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A recent report by the National Academies of Sciences, Engineering and Medicine (National Academies) recommends that states lower the blood alcohol concentration (BAC) threshold for drunk driving from .08 percent to .05 percent. The studies’ authors report that since 1982, approximately one-third of all traffic fatalities are caused by drunk drivers, and that 40 percent of victims are people other than the drunk driver.
The report suggests that all states should implement several recommendations, including lowering the BAC threshold, to reduce the number of alcohol-related fatalities.
According to the Centers for Disease Control and Prevention (CDC), motor vehicle crashes are a leading cause of death for Americans during the first three decades of their lives. The CDC reports that 28 people die every day in the U.S. in drunk driving accidents, costing $121.5 billion in medical costs, earnings losses, productivity losses, legal costs and vehicle damage. The National Academies report that while most strategies focus on enforcement and the legal system, they should be placing more emphasis on reducing impaired driving.
The report notes that drivers are often impaired before reaching the .08 percent BAC threshold and are unable to safely operate a motor vehicle. Effects are noticeable after reaching only .02 percent BAC including loss of judgment, decline in visual functions and decline in ability to divide attention. At .05 percent BAC, drivers show reduced coordination, reduced ability to track moving objects, difficulty steering, and reduced response to emergency situations. By the time drivers reach .08 percent BAC, they display loss of concentration, memory, speed control, reduced information processing capability and impaired perception.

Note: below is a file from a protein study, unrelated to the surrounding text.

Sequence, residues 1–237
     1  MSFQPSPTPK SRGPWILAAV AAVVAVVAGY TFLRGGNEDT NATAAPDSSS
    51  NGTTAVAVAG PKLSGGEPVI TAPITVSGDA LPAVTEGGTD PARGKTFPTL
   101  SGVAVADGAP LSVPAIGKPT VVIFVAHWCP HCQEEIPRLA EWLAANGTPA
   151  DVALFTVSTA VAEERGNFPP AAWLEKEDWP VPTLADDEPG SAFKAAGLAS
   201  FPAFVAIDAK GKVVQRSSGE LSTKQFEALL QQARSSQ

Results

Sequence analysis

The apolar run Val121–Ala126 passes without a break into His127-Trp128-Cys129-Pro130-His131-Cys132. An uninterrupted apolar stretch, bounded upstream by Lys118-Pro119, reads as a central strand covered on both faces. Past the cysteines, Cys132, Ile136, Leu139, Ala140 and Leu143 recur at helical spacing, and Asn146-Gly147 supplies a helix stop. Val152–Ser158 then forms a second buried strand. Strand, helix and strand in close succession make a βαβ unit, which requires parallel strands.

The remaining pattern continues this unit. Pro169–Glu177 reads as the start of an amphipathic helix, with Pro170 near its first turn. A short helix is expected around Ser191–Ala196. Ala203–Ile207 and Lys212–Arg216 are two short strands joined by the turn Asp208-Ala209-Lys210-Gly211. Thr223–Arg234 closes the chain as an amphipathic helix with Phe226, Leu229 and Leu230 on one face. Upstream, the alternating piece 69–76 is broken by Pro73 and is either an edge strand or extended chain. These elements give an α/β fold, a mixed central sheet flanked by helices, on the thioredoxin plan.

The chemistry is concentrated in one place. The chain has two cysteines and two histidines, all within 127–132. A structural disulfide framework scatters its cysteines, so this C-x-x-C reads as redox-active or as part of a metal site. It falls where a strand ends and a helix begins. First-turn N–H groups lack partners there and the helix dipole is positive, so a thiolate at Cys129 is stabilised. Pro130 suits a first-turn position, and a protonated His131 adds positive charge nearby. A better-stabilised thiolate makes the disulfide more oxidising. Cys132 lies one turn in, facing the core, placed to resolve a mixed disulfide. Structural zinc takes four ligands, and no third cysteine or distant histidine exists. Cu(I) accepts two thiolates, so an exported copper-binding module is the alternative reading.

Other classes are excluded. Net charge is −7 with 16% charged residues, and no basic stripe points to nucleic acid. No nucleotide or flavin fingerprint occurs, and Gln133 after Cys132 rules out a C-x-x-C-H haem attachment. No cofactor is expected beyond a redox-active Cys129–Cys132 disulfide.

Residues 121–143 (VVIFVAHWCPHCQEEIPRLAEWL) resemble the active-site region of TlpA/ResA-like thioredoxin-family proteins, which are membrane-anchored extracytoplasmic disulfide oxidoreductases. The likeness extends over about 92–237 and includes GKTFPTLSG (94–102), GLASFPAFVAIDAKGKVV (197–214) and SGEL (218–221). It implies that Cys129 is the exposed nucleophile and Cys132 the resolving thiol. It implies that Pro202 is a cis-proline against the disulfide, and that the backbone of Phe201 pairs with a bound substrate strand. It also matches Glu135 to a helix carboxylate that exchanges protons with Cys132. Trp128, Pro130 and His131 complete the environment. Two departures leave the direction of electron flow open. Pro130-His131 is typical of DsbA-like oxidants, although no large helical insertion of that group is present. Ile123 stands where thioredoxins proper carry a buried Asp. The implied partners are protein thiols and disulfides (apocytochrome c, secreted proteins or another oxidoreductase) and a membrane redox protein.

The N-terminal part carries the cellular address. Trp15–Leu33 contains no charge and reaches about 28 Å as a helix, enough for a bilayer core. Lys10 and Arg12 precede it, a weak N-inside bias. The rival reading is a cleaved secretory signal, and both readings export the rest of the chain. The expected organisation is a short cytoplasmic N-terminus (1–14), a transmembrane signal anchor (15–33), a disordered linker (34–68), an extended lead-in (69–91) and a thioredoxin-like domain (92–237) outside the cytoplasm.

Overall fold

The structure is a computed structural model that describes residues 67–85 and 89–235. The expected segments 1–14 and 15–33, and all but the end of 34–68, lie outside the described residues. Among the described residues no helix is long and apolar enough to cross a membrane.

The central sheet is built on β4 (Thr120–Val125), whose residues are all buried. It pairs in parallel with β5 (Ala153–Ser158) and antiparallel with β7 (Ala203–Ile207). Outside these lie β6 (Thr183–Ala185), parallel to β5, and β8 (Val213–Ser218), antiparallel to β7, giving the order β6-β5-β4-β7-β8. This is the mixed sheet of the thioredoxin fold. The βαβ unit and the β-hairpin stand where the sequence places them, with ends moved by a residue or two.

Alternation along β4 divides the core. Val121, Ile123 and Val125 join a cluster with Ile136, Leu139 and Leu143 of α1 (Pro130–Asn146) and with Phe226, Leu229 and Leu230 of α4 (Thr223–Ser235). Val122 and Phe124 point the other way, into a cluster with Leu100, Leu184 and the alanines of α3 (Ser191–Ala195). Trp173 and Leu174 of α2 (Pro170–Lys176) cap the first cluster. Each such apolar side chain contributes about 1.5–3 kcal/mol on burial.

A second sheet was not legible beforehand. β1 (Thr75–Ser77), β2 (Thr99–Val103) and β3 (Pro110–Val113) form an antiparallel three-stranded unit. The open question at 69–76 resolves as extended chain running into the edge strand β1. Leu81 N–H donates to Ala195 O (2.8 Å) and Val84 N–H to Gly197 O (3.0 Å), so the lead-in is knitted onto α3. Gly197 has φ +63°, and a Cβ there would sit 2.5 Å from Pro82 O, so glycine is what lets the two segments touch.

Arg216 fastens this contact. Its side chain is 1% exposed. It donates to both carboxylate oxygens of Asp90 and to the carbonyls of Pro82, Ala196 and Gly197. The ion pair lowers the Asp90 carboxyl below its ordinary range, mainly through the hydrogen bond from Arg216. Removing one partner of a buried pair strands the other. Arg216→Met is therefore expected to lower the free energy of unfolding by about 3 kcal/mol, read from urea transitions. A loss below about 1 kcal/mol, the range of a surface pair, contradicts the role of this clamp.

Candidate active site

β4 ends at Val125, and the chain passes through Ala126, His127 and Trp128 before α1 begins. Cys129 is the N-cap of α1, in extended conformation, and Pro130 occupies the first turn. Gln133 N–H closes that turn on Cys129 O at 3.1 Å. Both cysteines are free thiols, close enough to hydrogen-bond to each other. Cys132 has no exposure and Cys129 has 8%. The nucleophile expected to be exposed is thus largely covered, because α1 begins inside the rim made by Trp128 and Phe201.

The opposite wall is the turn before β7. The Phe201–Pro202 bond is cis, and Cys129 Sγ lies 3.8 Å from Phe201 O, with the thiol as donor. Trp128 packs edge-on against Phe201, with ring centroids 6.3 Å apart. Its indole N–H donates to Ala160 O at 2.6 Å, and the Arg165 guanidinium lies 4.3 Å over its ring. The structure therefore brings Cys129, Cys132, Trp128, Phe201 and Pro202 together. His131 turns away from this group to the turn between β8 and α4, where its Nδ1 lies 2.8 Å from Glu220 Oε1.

A bill was introduced by Delaware lawmakers to lower the BAC threshold to .05 percent as recommended by the National Academies. The proposal has yet to be heard by the House Public Safety and Homeland Security Committee, but has already been the subject of controversy among those in the alcoholic beverage industry. The American Beverage Institute criticizes the proposal, stating that it fails to target drivers who are responsible for most alcohol-related traffic deaths, instead criminalizing moderate, responsible drinking.
A 2012 CDC survey revealed that 2.7 percent of Delaware drivers reported driving after drinking too much in the past 30 days. This was the sixth highest percentage of all U.S. states, surpassed only by Montana, Nebraska, North Dakota, Wisconsin and Iowa. However, National Highway Traffic Safety Administration (NHTSA) data shows that only two percent of Delaware’s alcohol-related traffic deaths in 2016 involved drivers with BACs between .05 and .08. The majority of them involved drivers with a BAC of .15 and higher.
Delaware would be the second state to implement such a measure; Utah is currently the only state that has lowered the BAC threshold to .05 percent. The bill’s sponsor hopes that the legislation will increase road safety and help reduce the frequency of alcohol-related crashes and deaths.
If you were injured or your loved one was killed in a drunk driving accident, contact an experienced Wilmington car accident lawyer at Rhoades & Morrow. We will fight to hold negligent parties accountable and get you maximum compensation for your injuries and losses. Call us today at 302-427-9500 for a free consultation about your case. You can also contact us online. We have three convenient locations in Wilmington, Bear, and Milford serving clients throughout the state of Delaware.